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Yeats and radio

July 25, 2000

A public radio commentary

A few years ago I attended a conference on using the Internet for education. A speaker caught my attention when he began with a quote: "this new medium", he read, "will be used to educate all of America - no longer will universities be necessary." It sounded great at an internet conference until he pointed out it was said in 1922 or so and referred to the then new medium of Radio.

What his quote highlighted is that the internet is undergoing exactly the same transformation as all new media. The first attempt is always to model the new medium on an old one, until the new technology finds its legs. The best example I know of this is a story about William Butler Yeats, the 20th century's greatest poet.

He wrote to his friends in 1937 calling himself "a fool", "a bore", and - unusual for Yeats -"a humbled man." What defeated this Nobel-prize winning poet? Radio.

From 1931 to 1939 Yeats made eleven experimental radio broadcasts - and learned that radio wasn't a lecture hall. In one of his earliest broadcasts Yeats arranged a celebration of sounds like he performed in drawing rooms and crowded halls across his country. In the broadcast Yeats got a actor to sing his poem and clap his hands in time to the background music after every verse; Yeats also arranged for another poet to lead people in the wings clapping their hands.

The result? In Yeat's own words: "Every human sound turned into the groans, roars, [and] bellow of a wild [beast]." He called it "a fiasco." "It was stirring" in the studio he noted, but "on the wireless [radio] it was a schoolboy knocking with the end of a pen knife or spoon." And he wondered whether "his old bundle of poet's tricks" were now "useless." After that instead of controlling the medium of radio, it began to control Yeats.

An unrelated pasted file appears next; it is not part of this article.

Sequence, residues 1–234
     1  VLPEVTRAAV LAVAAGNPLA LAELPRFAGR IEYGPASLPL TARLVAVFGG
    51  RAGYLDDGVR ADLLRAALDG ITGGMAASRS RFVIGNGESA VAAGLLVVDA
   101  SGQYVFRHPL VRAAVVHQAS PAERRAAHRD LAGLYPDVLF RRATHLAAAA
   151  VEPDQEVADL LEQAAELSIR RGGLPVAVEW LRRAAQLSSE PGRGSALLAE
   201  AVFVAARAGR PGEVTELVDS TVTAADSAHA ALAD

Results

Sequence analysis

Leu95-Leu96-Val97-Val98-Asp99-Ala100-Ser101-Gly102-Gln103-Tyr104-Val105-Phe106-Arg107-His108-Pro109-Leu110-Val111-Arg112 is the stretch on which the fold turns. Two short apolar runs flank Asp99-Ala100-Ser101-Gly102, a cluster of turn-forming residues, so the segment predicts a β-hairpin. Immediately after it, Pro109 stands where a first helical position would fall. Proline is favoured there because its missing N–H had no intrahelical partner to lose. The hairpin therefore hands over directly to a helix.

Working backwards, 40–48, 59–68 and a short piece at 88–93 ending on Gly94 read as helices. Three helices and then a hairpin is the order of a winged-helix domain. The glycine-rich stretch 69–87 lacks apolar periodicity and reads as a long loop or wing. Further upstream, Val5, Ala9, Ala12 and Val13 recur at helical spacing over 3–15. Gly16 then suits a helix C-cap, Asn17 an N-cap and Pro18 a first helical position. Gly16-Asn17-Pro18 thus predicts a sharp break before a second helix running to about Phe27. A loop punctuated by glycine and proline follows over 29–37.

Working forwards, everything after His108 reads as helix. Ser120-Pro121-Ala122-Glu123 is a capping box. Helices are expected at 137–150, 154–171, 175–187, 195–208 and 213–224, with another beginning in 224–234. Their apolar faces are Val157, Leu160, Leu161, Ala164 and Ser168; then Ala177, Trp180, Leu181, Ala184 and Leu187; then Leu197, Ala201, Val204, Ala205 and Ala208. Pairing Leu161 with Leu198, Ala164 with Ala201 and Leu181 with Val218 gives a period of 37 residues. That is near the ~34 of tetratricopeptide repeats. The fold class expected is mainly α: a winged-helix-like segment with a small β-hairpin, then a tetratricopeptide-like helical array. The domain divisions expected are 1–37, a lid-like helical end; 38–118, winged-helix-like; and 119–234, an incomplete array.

When his director told him the opening lines of his now classic poem "Sailing to Byzantium" were easier on the page than the tongue Yeats took his classic open line - "That is no country for old men" and changed it to "Old men should quit a country."

What Yeats had tried - as did many others - was to use radio as a huge loud speaker, a way to broadcast educational lectures and platform performances. But radio was a private one-on-one communication, even thought the audience was large; it was a medium that turned public speaking into just talking. Radio started by broadcasting long lectures and full-length Broadway plays. But since its audience could move away at the turn of a dial, unlike a theater goer, radio's mix of programming became all important. And soon it offered, instead of hour-long educational lectures, its own a mix of music, talk and soap operas - all tailored to the intimacy and time frame of radio. This is an evolution that's seen in all new media.

Look at the earliest movies and you'll see filmed stage plays - complete with curtain drops because the producers thought audience too stupid to see the relationship between one shot and the next. Only when film came of age did it do things plays could never do.

This is the same transformation we'll somehow see with the Internet. Right now people attempt to make it deliver TV, or newspapers and even radio. But in the end it will be none of these, it'll likely contain bits and pieces of them, but will mix them to form its own style.

Copyright 2000 William S. Hammack Enterprises